Someone Else's Love Story - Joshilyn Jackson (narrated by the author): Most of you know this, but I refuse to read a JJ book in print. All of her books but one are narrated by the author herself, and she is marvelous. Her stories are marvelous too...quirky, usually dysfunctional, Southern, and all center on very strong women. In this novel, she also throws in autism and a love triangle of sorts. And a girl who got pregnant without having sex. You have to read it to believe it. It is classic Joshilyn Jackson.
Every Day - David Levithan (narrated by Alex McKenna): While this book officially fell under the YA genre, it gets serious credit for tickling my brain and presenting a very unique premise (something you don't get often in ANY genre). Every day "A" (a spirit? a soul? a male? a female?) wakes up in a different body. A is at peace with its existence, and lives by the rules of not interfering or causing attention in its subject's life. Then A meets and falls in love with a girl. Suddenly every day is a mission to get close to her, which is difficult when each day A is a radically different person. It sounds a little wacky, but it works. It is beautiful. And very beautifully narrated.
The Martian - Andy Weir (narrated by R.C. Bray): If you've been anywhere near a book review this year, you will recognize this one. This book was all the rage! This won't be the only list you will see it on, particular in audio form. About a wise-ass brainiac that get accidentally left on Mars during an exploration mission, it makes science fiction accessible and LIKABLE by one and all. The narration of Bray provides the perfect snarky voice of a guy who is basically screwed but uses his last wit to stay alive. Oh and by the way, it's going to be a movie starring Matt Damon. Yep.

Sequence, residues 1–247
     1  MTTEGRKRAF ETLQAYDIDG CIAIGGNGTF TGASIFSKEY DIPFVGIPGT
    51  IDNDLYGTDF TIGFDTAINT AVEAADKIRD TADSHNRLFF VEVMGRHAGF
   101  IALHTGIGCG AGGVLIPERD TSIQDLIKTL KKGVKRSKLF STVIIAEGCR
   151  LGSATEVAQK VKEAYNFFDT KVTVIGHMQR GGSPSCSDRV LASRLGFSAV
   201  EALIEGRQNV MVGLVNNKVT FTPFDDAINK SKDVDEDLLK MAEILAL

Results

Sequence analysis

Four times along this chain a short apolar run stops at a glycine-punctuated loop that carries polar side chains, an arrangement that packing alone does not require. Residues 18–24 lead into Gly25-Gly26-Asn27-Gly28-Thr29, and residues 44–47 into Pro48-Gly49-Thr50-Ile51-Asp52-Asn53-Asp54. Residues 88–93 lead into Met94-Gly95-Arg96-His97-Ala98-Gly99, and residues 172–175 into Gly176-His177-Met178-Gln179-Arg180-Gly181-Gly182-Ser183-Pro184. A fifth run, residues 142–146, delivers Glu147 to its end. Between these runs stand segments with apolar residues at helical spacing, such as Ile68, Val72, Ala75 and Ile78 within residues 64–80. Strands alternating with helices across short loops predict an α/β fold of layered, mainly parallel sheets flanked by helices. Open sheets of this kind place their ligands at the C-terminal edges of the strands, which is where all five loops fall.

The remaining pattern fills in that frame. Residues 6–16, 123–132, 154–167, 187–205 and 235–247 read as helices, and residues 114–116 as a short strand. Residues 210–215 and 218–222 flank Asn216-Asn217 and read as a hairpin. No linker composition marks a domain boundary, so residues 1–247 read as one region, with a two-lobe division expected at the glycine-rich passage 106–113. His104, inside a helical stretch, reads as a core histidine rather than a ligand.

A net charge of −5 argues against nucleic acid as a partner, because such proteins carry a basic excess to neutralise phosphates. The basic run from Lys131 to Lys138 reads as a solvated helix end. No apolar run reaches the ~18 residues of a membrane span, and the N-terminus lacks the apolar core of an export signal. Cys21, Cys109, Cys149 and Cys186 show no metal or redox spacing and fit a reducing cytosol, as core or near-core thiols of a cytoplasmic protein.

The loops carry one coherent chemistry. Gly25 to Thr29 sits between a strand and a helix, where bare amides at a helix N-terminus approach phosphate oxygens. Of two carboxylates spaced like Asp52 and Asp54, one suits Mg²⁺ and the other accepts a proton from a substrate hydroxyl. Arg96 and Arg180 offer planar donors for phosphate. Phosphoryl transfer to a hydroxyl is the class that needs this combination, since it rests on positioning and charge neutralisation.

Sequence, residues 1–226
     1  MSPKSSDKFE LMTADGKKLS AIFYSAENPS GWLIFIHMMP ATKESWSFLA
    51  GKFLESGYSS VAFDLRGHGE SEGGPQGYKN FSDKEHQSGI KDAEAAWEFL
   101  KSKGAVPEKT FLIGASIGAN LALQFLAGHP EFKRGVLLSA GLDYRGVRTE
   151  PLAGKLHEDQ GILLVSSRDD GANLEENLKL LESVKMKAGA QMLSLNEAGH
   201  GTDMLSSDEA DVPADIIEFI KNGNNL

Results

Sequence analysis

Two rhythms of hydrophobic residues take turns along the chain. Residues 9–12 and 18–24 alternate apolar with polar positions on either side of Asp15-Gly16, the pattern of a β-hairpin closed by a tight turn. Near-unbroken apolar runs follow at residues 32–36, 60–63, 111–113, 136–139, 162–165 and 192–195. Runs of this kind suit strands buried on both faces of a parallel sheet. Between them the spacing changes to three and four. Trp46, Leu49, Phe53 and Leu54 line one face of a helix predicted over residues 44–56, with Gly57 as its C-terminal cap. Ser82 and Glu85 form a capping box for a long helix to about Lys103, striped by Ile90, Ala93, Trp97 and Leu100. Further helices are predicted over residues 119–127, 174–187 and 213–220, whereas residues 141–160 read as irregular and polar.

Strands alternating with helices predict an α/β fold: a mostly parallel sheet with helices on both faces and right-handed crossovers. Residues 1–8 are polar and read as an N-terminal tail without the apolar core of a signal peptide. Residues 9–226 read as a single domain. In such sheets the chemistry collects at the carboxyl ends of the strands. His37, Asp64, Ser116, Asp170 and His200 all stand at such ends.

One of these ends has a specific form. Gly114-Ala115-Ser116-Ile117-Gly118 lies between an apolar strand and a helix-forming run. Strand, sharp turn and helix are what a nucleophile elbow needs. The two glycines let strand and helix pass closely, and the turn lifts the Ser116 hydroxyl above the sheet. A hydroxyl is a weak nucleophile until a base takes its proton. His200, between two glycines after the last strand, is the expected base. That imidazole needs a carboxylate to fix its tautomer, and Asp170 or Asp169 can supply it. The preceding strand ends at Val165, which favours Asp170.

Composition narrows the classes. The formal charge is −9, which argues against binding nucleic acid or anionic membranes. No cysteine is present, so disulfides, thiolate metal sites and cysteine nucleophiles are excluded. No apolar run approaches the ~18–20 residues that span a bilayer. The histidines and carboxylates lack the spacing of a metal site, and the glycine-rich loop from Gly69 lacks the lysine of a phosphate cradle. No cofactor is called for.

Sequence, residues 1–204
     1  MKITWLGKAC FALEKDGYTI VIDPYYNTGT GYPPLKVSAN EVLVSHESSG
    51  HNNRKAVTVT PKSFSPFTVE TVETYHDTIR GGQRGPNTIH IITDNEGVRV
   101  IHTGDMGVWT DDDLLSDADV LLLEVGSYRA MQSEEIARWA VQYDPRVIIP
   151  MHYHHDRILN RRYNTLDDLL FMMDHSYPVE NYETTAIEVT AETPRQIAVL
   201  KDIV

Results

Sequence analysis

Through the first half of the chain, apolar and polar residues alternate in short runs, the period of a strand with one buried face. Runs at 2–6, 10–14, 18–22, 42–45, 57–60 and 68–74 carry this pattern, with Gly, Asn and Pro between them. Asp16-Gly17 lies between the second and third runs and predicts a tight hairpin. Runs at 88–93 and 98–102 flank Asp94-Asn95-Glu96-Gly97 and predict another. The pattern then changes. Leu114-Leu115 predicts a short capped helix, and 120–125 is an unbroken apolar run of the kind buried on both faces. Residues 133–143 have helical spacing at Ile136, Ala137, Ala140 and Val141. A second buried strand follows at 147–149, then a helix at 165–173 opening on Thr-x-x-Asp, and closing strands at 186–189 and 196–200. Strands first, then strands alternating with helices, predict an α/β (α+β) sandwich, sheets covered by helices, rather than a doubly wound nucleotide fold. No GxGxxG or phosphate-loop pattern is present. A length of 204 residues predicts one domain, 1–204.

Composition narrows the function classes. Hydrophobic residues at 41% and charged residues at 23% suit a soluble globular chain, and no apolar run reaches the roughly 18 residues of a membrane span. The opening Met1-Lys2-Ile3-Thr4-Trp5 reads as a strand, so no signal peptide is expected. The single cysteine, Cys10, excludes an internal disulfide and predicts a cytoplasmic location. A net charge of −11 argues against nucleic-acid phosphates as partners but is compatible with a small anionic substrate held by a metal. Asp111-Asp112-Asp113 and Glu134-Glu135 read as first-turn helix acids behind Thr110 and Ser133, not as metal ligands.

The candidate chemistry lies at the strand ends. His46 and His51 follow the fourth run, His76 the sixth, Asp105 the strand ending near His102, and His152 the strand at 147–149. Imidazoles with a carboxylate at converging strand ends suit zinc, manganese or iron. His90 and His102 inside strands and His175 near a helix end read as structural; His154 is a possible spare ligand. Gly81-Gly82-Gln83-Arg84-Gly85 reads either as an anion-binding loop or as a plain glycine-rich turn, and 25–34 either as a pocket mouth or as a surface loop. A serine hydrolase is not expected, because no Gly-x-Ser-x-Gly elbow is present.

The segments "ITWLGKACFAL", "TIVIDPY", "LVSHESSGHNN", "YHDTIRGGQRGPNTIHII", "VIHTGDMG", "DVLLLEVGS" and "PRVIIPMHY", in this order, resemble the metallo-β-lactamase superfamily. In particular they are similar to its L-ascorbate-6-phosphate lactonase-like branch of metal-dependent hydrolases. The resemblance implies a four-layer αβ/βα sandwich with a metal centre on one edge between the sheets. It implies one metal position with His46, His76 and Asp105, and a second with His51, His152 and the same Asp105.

The Silkworm - Robert Galbraith (narrated by Robert Glenister): If you thought J.K. Rowling shot her wad on Harry Potter, you were wrong. This series started with "The Cuckoo's Calling" and set the groundwork with a protagonist who is a rumpled but genius private investigator, and his cute ambitious assistant. I felt that Cuckoo's mystery was a tad pedestrian and one-dimensional, but she let out all the stops on this one. The cherry on top was that the mystery occurs butt-deep in the publishing industry. Robert Glenister's narration is simply as good as it gets. He is amazing.
World of Trouble - Ben H. Winters (narrated by Peter Berkrot): This book is the third installment in The Last Policeman Trilogy, and yes, it is extremely unusual that the final book would be the mind-blower but it was. The premise of the trilogy is that a very large asteroid is going to hit the earth and end civilization as we know it. As time ticks down, people hunker down, pursue their bucket lists, kill themselves, get stoned on drugs. But Detective Hank Palace (a little on the spectrum I think) continues to solve murders, chase down missing persons, and try to save his little sister. The first two novels are good, but this one is remarkable. Not too many people can pull off the end of the world quite like this. The narrator isn't the best in the business, but his voice became Hank Palace and I was glad they kept him through the series.